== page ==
Heart disease is rising in younger women.
“There’s a lack of understanding in both women and men that a heart attack does not have to cause chest pain or these incredible movie-like symptoms,” said Dr. Jacqueline Tamis-Holland, an author of the January study and a cardiologist at Mount Sinai Morningside in New York.
Dr. Tamis-Holland said there were other reasons for the delays. One is that women don’t consider themselves to be as vulnerable to heart disease as men. Previous studies have shown that they are more likely to dismiss their symptoms as stress or anxiety. They also tend to develop heart disease at later ages than men. In Dr. Tamis-Holland’s study, the women who had heart attacks were, on average, 69 years old, while the average age of the men was 61.
But younger women are not immune to heart disease. In fact, recent studies have found that heart attacks and deaths from heart disease have been rising among women between the ages of 35 and 54, in part because of an increase in cardiometabolic risk factors like high blood pressure and obesity.
“I think a lot of young women cannot believe they have heart disease because it’s never been labeled as a disease of young women,” said Dr. Lansky at Yale-New Haven Hospital. “Second, the symptoms in younger women are even less typical — there’s less of the elephant-on-the-chest feeling and more indigestion, shortness of breath, malaise, fatigue and nausea — things that are not very specific. That makes it difficult for them to identify it as a problem.”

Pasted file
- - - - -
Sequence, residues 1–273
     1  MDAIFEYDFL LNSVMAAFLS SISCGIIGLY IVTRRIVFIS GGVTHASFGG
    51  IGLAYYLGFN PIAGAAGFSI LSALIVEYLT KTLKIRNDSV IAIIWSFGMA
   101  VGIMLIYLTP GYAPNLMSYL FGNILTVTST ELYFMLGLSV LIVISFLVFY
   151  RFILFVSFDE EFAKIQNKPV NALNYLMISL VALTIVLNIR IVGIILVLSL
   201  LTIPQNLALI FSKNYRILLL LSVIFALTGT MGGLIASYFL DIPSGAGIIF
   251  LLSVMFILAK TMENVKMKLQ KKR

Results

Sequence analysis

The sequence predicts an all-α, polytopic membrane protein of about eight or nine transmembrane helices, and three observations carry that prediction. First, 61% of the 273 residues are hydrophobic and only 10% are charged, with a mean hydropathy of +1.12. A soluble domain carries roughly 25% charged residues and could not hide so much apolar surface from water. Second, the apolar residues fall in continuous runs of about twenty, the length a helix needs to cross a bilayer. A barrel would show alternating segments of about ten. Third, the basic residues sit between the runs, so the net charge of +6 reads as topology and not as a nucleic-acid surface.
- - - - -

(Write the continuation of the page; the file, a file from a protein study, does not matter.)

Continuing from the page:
Experts say that more outreach and education is needed to help women and men recognize the signs and risk factors for heart disease. But Dr. Lansky said she also wants to empower people to become advocates for themselves. If you suspect something is wrong with your health then do not let a health care provider turn you away until you have answers, she said.
“If you’re not feeling right and you think that in the realm of possibilities is an issue with your heart, then you should spell it out,” she said. “Say: ‘I am concerned I may be having a heart attack, and I want an EKG just to be sure.’ Nobody in the emergency department is going to say you can’t have it. But sometimes they’re just not thinking about it, so it’s good to flag it.”
Dr. Lansky recommended that people be as detailed as possible when describing their symptoms, which can lead to better diagnoses. She also pointed out that the Hollywood depictions of people clutching their chests during a heart attack can be misleading: Often people experience chest pressure or tightness because of heart disease, rather than pain. They may also feel unusually fatigued or short of breath in response to slight exertion. “If you used to go up and down the steps and now you have to stop to catch your breath, that should raise a red flag,” she said.